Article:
Containing the Crisis at Home and Abroad
The outline of the global economy is dramatically emerging. Capital is more fluid and unregulated than in any time in history. The so-called economic recovery is the most uneven since the end of WWII. Growth rates are moderate, while most new jobs are low-paying and temporary. According to Fortune magazine, the disparity between corporate profits and wages is at a record high. Take, for example, Whirlpool, makers of washers and dryers. It just announced it will be closing two plants and cutting its work force by 8%. It’s not that Whirlpool is losing money. It earned a quarter of a billion dollars in the first nine months of 1994 alone. Wall Street enthusiastically responded to the moves by driving up the value of Whirlpool’s stock. These economic trends are creating enormous pressures on working people at home and abroad.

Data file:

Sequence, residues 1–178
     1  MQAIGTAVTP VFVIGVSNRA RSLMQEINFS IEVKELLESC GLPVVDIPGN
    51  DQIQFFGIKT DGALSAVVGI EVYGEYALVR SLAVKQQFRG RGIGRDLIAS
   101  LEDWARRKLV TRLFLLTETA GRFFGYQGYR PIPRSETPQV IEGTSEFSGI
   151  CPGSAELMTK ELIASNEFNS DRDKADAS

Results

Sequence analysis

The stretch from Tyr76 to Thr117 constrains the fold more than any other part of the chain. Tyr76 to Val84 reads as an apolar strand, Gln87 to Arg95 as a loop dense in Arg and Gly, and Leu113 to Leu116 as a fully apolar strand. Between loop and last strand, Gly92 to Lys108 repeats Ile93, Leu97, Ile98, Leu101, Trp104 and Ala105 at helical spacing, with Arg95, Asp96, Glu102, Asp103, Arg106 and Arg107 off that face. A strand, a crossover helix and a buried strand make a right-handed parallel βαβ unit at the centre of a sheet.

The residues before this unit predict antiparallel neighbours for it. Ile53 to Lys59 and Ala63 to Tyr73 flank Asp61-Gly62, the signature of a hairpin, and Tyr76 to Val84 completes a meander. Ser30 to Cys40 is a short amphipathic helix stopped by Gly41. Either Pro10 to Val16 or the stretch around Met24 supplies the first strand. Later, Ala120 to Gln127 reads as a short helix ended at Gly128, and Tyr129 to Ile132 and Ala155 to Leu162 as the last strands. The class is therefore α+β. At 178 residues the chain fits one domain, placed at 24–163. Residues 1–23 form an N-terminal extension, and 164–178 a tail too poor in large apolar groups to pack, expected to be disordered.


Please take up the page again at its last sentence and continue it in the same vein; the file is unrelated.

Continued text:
Noam Chomsky, by any measure, has led a most extraordinary life. In one index he is ranked as the eighth most cited person in history, right up there with Aristotle, Shakespeare, Marx, Plato and Freud. His contributions to modern linguistics are legendary. In addition to his pioneering work in that field, he has been a leading voice for peace and social justice for many decades. Chris Hedges says he is “America’s greatest intellectual” who “makes the powerful, as well as their liberal apologists, deeply uncomfortable.” He is Institute Professor Emeritus in the Department of Linguistics and Philosophy at MIT and Laureate Professor of Linguistics and Haury Chair in the Program in Environment and Social Justice at the University of Arizona. At 93, he is still active; writing and giving interviews to the media all over the world. He is the author of scores of books, including Propaganda & the Public Mind, How the World Works, Power Systems and Global Discontents with David Barsamian. His latest books are Climate Crisis and the Global Green New Deal, Consequences of Capitalism: Manufacturing Discontent and Resistance, and Chronicles of Dissent: Collected Interviews with David Barsamian, 1984-1996.